Back to home

Tatev 3: Complex. St. Eustathius Church (1). Oil Press (2). Monastery Defensive Walls (3). St. Astvatsatsin (6)


Tatev complex is quite large, deserving of its reputation as a magnificent historic and natural sight. The entire complex is located on an impregnable precipice thrust over the Tatev and Vorotan gorges. Sheer rock walls and deep hills drop 700-800 meters to the river floor, making the site impervious to invasions on two sides. The other sides are wrapped with thick stone walls, defensive round towers and slit windows. The complex includes outer walls and a mill, the Poghos Petros Cathedral, St. Astvatsatsin and St. Grigor Churches, the Grigor Tatevatsi mausoleum, a Gavazan, dining hall, classrooms, manuscriptorium, pilgrim inn, dwellings, kitchen and numerous service buildings and monk cells.

Oil Press (2)

The oil press is in a 13th century building that abuts the northern hill, near the east round tower. It has two large rooms, and a massive stone that was used to make oil from pressed seeds and herbs, the resulting oil used in households and for defense of the monastery. The large fireplaces inside were used to heat and rend the oil. The oil is an ingredient of muron (holy oil) used in church services.

Monastery Defensive Walls (3)

The current walls are 18th-20th century renovations of 9th century defenses but they preserve the outline and basic structure. The round tower has narrow slits for its windows with protruding stones on the outer surface. These open to an inner room and are built so that sentries could look down on passersby without being detected (or hurt by enemy arrows). As with other fortresses of the time, the walls were further strengthened by offices, rooms and cells built within the walls, creating a series of buttresses to support the wall system.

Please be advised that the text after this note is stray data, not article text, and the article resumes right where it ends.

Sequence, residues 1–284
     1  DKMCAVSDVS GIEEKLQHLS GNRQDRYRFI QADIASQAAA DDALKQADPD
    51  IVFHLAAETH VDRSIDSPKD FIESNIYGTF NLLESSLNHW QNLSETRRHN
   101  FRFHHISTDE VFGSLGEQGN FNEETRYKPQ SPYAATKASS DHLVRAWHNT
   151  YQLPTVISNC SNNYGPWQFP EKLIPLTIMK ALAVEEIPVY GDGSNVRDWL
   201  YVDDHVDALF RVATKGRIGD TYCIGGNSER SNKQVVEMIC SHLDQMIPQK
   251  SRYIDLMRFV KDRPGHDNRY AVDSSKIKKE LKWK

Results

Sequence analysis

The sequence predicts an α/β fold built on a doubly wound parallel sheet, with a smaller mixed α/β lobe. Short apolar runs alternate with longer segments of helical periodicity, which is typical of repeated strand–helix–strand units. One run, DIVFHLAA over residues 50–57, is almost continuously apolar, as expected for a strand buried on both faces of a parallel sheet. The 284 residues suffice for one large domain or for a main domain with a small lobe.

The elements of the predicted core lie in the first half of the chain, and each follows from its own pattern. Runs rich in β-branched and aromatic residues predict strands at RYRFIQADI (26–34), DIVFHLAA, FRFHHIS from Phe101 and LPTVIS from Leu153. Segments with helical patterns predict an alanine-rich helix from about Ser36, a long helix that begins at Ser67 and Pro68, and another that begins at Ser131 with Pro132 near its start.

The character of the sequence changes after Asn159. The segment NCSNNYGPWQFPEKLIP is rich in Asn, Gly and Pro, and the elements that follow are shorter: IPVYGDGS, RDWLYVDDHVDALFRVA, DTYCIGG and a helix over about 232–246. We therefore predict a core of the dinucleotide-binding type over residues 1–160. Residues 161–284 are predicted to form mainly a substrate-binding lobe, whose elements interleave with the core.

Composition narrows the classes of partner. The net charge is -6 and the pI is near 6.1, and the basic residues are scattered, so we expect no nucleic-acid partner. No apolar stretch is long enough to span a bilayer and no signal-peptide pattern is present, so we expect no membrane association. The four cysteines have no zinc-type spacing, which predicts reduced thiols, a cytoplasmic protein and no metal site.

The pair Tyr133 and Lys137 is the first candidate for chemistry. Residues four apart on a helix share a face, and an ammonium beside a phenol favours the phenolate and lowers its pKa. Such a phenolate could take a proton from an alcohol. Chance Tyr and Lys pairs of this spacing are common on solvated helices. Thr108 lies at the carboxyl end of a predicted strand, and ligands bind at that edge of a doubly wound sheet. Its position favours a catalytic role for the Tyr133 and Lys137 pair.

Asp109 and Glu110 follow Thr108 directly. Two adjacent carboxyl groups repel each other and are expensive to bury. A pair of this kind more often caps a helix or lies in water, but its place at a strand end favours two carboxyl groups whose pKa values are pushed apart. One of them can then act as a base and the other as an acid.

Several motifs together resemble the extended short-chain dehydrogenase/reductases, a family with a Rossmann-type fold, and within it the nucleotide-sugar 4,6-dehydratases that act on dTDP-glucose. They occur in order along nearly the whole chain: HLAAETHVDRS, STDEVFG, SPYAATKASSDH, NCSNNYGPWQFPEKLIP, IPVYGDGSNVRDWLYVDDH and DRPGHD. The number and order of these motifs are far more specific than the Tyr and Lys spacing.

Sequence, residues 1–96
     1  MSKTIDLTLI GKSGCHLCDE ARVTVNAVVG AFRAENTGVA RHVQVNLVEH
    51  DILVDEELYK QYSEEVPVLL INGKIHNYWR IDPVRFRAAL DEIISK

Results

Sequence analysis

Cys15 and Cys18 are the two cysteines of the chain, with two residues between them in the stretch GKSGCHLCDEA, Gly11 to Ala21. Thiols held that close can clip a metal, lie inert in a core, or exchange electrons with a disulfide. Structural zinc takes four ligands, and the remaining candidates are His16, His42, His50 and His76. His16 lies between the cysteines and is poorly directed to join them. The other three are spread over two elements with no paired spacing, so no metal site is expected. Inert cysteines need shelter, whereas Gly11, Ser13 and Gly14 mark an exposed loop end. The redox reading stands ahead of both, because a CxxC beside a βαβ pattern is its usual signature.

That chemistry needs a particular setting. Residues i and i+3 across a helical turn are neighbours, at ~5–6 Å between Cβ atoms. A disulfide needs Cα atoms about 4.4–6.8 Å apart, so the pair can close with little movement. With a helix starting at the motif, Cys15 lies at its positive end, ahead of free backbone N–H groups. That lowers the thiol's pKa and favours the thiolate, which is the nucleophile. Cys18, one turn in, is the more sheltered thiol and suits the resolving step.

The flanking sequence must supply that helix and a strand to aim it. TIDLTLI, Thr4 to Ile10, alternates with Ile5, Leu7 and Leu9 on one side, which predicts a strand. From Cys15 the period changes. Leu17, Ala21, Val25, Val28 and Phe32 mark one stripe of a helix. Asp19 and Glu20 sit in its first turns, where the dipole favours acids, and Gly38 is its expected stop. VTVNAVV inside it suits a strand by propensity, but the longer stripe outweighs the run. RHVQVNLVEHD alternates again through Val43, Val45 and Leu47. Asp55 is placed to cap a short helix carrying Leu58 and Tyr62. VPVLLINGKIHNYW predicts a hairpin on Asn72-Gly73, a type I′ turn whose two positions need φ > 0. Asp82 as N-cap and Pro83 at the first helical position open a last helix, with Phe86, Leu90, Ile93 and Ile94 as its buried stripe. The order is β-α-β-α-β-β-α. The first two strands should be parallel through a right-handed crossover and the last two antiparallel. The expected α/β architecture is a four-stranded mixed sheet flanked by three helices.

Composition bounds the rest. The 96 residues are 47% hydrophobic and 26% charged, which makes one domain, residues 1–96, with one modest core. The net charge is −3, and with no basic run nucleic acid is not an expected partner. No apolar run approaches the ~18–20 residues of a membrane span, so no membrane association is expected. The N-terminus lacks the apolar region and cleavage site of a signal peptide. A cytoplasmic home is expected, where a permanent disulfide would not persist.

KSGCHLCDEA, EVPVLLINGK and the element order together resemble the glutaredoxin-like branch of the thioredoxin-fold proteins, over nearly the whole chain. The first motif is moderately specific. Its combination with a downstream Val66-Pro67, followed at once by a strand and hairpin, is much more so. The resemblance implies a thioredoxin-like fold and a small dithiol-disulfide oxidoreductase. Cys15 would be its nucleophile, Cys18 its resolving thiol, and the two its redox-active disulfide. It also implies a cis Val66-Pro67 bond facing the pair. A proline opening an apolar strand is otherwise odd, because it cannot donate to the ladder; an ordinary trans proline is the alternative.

The walls are not as tall as they once were (20 meters in parts), and are missing sections that ran along the east to the canyon edge.

The old gate (4) has been walled over, but its arch can be seen along the walls. On the other side is a spring. The eastern gate (5) abuts the eastern turret and is under St. Astvatsatsin church.

St. Astvatsatsin (6)

This small 11th century chapel-church is set in the northeastern corner of the walls, on top of the vaulted eastern gate and mausoleum. The design is unique for Armenian churches, a small vertical two-story structure the first floor arched with a vault ceiling, the second domed. The entry has a wonderfully detailed wooden door.

Original text edited and approved by the Mother See of Holy Echmiadzin.